By default the method

Returns: y (np.ndarray) – mean of flattened/raveled simulation output i.e.: y = np.ravel(evaluate(sample)) Uy (np.ndarray) – covariance associated with y happr (dict) – dictionary of bin-edges and bin-counts output_shape (tuple) – shape of the unraveled simulation output can be used to reshape y and np.diag(Uy) into original shape

If return_samples is True, the method additionally returns all evaluated samples. This should only be done for testing and debugging reasons, as this removes all memory-improvements of the UMC-method.

Returns: sims – dict of samples and corresponding results of every evaluated simulation samples and results are saved in their original shape dict

References

## Uncertainty evaluation for interpolation¶

The PyDynamic.uncertainty.interpolation module implements methods for the propagation of uncertainties in the application of standard interpolation methods as provided by scipy.interpolate.interp1d.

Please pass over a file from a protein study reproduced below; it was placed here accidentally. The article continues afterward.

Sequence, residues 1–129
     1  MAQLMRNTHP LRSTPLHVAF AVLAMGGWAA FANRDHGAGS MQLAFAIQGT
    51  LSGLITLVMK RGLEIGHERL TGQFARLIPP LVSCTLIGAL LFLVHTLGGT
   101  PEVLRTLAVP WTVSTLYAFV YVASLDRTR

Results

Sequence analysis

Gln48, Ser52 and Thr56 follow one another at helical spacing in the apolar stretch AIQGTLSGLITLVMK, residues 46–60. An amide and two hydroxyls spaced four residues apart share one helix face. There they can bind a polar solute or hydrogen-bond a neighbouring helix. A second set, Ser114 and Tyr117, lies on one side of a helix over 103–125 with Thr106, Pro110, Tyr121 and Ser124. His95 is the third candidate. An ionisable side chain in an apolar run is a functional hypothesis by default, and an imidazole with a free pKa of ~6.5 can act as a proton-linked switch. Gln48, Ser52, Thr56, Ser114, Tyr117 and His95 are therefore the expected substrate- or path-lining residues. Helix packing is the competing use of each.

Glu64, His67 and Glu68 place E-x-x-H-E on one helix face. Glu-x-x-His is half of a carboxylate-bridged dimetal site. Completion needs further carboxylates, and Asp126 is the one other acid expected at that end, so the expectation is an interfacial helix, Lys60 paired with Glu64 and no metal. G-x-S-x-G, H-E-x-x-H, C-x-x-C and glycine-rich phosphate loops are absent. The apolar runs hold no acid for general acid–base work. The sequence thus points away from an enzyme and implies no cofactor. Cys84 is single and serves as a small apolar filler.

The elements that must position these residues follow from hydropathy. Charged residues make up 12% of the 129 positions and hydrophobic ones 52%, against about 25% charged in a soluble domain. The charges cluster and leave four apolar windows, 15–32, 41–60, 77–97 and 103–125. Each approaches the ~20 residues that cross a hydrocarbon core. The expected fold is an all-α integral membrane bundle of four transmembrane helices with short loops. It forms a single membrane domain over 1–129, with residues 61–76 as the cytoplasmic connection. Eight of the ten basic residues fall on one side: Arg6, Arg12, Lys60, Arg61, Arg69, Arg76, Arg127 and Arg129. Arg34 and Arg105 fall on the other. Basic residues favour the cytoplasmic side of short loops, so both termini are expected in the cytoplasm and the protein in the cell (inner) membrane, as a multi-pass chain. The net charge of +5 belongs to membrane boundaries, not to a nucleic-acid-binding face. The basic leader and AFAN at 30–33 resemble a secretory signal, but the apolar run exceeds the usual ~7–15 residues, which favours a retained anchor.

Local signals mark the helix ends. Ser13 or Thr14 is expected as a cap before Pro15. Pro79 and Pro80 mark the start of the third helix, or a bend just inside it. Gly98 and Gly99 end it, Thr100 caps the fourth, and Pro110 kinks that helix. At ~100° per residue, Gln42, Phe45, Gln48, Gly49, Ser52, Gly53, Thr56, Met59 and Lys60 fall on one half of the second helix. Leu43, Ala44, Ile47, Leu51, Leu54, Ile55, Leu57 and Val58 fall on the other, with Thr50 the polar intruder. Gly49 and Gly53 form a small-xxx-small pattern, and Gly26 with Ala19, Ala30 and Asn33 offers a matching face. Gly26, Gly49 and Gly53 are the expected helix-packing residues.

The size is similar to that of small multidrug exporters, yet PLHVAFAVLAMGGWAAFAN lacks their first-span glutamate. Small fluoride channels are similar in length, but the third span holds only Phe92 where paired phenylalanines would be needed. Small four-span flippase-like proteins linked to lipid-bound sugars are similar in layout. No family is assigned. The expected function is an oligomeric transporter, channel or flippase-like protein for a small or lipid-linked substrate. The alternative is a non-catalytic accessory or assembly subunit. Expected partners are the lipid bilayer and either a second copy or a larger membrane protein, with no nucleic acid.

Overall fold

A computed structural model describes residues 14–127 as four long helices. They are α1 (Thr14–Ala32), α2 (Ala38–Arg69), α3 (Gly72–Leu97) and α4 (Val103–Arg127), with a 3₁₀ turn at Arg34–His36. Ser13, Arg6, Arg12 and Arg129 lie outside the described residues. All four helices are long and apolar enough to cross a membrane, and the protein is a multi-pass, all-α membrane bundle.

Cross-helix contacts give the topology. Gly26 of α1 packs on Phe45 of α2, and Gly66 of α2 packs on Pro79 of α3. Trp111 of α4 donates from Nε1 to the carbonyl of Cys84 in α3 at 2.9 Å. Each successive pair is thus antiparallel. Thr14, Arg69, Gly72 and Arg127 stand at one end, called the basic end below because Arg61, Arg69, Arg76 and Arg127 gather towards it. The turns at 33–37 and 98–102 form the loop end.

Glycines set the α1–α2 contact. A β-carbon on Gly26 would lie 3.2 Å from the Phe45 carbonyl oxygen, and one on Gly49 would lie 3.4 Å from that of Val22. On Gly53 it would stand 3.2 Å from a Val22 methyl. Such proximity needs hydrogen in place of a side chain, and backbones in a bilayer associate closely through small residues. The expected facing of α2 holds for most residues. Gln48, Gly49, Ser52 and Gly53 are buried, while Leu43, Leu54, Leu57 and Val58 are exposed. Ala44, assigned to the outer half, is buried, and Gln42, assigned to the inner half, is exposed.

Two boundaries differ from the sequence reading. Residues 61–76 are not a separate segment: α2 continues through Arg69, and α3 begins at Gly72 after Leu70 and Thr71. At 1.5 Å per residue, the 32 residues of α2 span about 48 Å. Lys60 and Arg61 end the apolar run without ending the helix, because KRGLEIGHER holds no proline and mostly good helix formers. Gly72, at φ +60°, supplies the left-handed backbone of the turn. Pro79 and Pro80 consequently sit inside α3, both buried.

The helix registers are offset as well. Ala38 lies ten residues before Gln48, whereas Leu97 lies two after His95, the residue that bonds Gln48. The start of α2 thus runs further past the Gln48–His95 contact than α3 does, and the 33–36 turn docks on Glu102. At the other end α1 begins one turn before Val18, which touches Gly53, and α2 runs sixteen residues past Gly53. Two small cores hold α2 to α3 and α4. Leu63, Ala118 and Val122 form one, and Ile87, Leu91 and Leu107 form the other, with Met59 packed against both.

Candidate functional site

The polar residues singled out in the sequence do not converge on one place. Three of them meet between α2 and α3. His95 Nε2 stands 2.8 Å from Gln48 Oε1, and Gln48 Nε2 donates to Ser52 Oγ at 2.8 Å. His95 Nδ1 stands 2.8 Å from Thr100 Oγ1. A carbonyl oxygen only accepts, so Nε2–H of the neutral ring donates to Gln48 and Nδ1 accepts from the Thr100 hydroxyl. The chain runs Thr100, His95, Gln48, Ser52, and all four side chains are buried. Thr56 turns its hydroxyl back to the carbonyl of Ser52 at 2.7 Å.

This module contains the following function:

PyDynamic.uncertainty.interpolation.interp1d_unc(t_new: numpy.ndarray, t: numpy.ndarray, y: numpy.ndarray, uy: numpy.ndarray, kind: Optional[str] = 'linear') → Tuple[numpy.ndarray, numpy.ndarray, numpy.ndarray][source]

Interpolate arbitrary time series considering the associated uncertainties

The interpolation timestamps must lie within the range of the original timestamps. In addition, at least two of each of the original timestamps, measured values and associated measurement uncertainties are required and an equal number of each of these three.

Parameters: t_new ((M,) array_like) – The timestamps at which to evaluate the interpolated values. t ((N,) array_like) – timestamps in ascending order y ((N,) array_like) – corresponding measurement values uy ((N,) array_like) – corresponding measurement values’ uncertainties kind (str, optional) – Specifies the kind of interpolation for the measurement values as a string (‘previous’, ‘next’, ‘nearest’ or ‘linear’). t_new ((M,) array_like) – interpolation timestamps y_new ((M,) array_like) – interpolated measurement values uy_new ((M,) array_like) – interpolated measurement values’ uncertainties

References